Mailvox: Vox for President

Linda sees some eerie parallels:

It’s clear that you’re not concerned with anybody’s opinion but yours. All too typical of an arrogant, self-absorbed, immature person who thinks he/she knows more than he/she actually knows.

Just be careful of the words you write and say. Watch carefully what’s happening to Kerry. He was an arrogant, self-absorbed, immature, opportunist thirty years ago, just like yourself, and now his words and actions are coming back to haunt him.

Erm… what’s that you were saying? I was just filming the recreation of my epic smackdown of Me So Michelle.

Mailvox: the philosopher-generals

Steve barks on command:

I think that the point that the marine was trying to make is that the troops and the mission are united. You cannot support one and not the other. The “folks back home” should understand this and have the courage to face up to all its implications. If you want our troops to win then you are on their side and are supporting them. If you want the enemy to win (it doesn’t matter if you want the enemy to win by killing all of our troops or just win becase we quit the field and bring all our guys home, the end result is the same)then you are on their side and are the enemy of our troops.

This is the most specious reasoning in defense of unquestioning obedience I’ve ever heard. First, it is very easy to oppose the mission and support the troops. Only someone without friends or family in the military could possibly fail to understand the concept.

Would one argue that Saddam would win if US troops were pulled out today? Wasn’t that who we were fighting? Wasn’t the war fought to ensure that Iraq had no WMD? Then by Steve’s reasoning either the mission has been accomplished, the war has already been won and the troops can come home, or Saddam, sitting under the guard of US troops, has won the most Phyrric of Phyrric victories.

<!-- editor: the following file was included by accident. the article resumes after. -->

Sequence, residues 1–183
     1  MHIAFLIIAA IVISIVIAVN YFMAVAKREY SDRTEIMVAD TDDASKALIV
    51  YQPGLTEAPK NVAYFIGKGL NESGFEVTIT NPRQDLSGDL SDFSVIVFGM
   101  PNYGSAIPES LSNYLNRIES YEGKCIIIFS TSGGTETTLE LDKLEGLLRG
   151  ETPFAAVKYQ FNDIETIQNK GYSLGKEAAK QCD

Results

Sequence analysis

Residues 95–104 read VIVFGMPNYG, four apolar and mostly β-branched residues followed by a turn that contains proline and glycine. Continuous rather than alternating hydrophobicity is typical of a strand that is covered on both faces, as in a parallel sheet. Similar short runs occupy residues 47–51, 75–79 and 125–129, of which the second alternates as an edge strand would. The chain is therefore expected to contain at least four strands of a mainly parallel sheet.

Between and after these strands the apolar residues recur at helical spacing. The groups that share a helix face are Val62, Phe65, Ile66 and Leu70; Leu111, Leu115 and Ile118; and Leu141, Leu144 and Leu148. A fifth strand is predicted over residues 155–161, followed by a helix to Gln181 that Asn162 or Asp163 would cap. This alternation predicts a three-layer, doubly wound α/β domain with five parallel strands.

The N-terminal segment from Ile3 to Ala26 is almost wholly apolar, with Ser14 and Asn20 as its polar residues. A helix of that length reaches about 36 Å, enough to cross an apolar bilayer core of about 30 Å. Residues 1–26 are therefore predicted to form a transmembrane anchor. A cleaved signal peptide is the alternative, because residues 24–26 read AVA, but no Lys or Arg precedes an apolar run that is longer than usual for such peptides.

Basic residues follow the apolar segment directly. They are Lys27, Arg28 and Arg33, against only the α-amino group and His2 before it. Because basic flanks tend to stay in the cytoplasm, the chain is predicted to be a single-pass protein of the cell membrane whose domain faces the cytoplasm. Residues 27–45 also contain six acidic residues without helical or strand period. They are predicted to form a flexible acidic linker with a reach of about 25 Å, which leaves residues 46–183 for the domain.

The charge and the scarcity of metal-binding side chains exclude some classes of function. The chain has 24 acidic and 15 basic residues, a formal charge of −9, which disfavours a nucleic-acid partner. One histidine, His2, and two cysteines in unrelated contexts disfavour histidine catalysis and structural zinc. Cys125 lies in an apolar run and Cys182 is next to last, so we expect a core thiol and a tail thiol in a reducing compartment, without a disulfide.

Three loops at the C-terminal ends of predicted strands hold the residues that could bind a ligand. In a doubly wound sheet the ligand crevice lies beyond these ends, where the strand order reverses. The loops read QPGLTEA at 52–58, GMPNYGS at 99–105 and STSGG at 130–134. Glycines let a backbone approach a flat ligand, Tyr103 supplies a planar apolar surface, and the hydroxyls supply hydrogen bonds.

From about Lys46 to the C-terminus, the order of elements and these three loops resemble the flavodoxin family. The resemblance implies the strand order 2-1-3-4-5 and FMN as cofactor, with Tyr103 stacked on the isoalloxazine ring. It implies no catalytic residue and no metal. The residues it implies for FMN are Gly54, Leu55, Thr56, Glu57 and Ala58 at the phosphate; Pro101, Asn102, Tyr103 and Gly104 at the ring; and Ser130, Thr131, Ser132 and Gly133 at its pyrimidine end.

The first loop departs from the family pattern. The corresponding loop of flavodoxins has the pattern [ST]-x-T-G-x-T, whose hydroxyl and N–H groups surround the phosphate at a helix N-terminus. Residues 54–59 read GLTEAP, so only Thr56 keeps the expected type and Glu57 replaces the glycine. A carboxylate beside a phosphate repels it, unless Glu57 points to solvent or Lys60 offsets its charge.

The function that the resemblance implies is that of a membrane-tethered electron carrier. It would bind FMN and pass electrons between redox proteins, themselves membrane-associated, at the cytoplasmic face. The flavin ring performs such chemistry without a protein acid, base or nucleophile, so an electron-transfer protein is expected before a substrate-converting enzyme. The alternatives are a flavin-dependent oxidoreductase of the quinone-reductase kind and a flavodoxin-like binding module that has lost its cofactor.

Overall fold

Not only is this a foolish and illogical argument, but it is a stupid one. Calling people traitors is hardly a good way to convince them to come around to your way of thinking, it is instead a very good way of convincing them that you have a complete lack of confidence in your case. Steve apparently thinks we should cheer unchecked mission creep until American troops occupy every single country in the world. Anything less would be unpatriotic!

The mistaken military mind

The New York Times quotes a Marine Major:

When critics of the war say their advocacy is on behalf of those of us risking our lives here, it’s a type of false patriotism. I believe that when Americans say they “support our troops,” it should include supporting our mission, not just sending us care packages. They don’t have to believe in the cause as I do; but they should not denigrate it. That only aids the enemy in defeating us strategically.

So, if the President decides to aid the Sudanese government in committing genocide, the American public should simply keep its collective mouth shut and support the mission? That’s ridiculous. Remember, most of the great atrocities committed by dozens of governments around the world have been committed by the militaries of those countries in obedience to their legitimate leaders.

One of the most common failings of the military mind is to believe that because unquestioning obedience is a military virtue, it is a civic virtue as well. Quite the opposite is true. And to argue that one is aiding the enemy simply by exercising one’s Constitutional rights to criticize one’s government is not only incorrect it is downright shameful. In fact, this is why it is unwise for the President to make use of our armed forces without first ensuring that he has gained the consent of the people by a Congressional declaration of war.

I am sure there are those who will be aghast that I should dare to criticize the words of a Marine risking his life in service to the country. To them, I must point out that the mere fact that one is fighting for one’s country does not automatically make one’s opinions correct, nor render them above all criticism.